Electrocatalysis on Shape-Controlled Palladium Nanocrystals: Oxygen Reduction Reaction and Formic Acid Oxidation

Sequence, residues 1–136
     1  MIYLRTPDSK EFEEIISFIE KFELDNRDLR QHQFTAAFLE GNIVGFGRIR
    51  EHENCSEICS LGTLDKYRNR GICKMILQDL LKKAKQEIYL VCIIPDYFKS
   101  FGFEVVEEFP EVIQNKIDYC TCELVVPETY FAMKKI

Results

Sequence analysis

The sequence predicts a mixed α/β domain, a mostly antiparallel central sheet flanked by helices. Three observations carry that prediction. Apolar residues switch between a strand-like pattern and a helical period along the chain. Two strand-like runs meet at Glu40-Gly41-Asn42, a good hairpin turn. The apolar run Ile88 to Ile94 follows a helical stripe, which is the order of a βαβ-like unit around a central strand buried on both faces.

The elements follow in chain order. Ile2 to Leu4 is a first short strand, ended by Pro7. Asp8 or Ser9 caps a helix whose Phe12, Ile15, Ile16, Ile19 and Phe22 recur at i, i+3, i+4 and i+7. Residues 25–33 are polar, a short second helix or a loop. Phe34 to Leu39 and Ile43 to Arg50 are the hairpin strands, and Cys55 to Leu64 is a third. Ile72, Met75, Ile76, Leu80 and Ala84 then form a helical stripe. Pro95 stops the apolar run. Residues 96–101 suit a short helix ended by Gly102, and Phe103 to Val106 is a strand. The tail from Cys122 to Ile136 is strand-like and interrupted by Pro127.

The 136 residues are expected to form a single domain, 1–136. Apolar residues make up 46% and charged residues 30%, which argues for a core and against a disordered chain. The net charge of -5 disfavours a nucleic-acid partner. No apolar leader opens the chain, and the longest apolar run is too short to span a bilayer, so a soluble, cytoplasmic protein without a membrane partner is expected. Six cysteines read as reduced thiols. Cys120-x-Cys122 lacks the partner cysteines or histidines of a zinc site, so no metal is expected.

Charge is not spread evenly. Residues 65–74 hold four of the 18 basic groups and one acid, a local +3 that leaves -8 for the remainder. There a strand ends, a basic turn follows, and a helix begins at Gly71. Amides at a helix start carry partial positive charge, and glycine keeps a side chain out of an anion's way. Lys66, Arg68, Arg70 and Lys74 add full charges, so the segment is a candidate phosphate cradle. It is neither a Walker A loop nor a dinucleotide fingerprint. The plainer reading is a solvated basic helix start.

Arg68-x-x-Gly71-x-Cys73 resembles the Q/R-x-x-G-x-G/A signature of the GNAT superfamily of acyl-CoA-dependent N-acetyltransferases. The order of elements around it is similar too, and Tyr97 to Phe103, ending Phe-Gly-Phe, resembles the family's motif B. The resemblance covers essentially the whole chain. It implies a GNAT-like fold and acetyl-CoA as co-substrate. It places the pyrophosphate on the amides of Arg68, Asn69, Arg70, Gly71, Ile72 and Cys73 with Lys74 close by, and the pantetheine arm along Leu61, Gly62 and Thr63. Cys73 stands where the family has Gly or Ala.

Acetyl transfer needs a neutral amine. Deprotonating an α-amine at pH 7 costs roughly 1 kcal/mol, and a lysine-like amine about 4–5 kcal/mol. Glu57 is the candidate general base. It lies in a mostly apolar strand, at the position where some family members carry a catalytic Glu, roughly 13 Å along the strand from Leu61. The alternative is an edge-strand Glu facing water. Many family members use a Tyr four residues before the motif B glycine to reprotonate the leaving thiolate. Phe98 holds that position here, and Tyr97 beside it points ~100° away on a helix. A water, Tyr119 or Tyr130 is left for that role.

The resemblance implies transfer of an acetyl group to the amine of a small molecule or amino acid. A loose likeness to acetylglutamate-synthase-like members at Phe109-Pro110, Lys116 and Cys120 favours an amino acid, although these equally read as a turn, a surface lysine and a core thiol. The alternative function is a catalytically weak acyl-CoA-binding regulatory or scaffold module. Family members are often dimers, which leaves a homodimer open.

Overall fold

A systematic study was conducted on small Pd nanocrystals (5–6 nm) to understand the effects of catalyst structure and electrolyte on the oxygen reduction reaction (ORR) and formic acid oxidation (FAO). The ORR activities of Pd catalysts strongly depended on their structure and the electrolyte used. It was found that Pd cubes were 10 times more active than Pd octahedra for ORR in an aqueous HClO<sub>4</sub> solution due to higher onset potential of OH<sub>ad</sub> formation on the cubic surface. In the case of a H<sub>2</sub>SO<sub>4</sub> solution, the ORR activity of Pd cubes was 17 times higher than that of Pd octahedra due to the stronger adsorption of (bi)­sulfate on the surface of octahedral nanocrystals in addition to OH<sub>ad</sub>. In alkaline solutions, however, no structure dependence was observed for ORR due to the outer-sphere electron-transfer mechanism in the potential region for Pd oxide formation. For FAO, no advantage was observed on shape-controlled Pd nanocrystals in comparison to conventional Pd catalysts. The FAO current densities, both at peak current and at 0.4 V, followed the order of conventional Pd > octahedral Pd > cubic Pd. It was hypothesized that steps and defects were more active for FAO than terraces, which could be used to explain why the shape-selective materials were less active than conventional Pd because they contained fewer defects and edge sites.